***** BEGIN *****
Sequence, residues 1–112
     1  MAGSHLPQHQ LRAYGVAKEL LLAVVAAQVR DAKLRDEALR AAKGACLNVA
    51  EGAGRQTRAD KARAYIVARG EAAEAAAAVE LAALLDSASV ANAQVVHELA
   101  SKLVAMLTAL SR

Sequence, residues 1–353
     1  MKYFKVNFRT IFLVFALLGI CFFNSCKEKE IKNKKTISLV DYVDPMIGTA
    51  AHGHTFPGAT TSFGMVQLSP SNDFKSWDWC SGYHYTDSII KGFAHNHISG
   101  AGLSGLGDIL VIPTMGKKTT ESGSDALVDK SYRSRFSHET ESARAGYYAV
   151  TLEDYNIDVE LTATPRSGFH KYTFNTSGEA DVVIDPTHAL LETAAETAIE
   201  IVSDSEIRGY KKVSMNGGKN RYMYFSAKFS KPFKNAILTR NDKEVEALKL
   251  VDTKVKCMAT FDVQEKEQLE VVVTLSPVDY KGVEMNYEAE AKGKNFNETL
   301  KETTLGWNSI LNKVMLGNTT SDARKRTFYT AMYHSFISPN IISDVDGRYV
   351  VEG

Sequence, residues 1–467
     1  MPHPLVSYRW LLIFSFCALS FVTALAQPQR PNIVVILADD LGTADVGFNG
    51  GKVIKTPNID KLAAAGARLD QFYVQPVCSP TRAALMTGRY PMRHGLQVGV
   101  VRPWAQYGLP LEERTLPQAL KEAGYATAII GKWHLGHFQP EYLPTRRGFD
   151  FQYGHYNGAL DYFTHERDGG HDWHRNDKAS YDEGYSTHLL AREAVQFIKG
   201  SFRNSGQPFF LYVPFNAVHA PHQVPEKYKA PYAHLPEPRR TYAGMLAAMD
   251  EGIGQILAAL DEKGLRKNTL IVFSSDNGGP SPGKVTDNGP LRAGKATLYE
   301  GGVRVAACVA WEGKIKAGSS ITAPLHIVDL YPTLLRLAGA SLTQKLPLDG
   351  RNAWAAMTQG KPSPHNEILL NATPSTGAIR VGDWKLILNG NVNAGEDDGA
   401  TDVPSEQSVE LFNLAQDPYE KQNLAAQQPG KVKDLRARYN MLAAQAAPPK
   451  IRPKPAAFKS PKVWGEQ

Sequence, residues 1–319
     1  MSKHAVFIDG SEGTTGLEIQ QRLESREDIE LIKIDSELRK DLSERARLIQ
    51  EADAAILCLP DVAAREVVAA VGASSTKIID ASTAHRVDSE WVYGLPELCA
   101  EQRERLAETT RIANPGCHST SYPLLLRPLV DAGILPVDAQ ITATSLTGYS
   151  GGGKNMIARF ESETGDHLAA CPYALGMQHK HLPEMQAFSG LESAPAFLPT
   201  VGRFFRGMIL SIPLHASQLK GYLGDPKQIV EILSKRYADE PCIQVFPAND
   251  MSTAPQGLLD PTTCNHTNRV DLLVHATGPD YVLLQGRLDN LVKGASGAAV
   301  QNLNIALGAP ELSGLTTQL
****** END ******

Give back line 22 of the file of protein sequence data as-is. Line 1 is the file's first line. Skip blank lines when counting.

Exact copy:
   351  RNAWAAMTQG KPSPHNEILL NATPSTGAIR VGDWKLILNG NVNAGEDDGA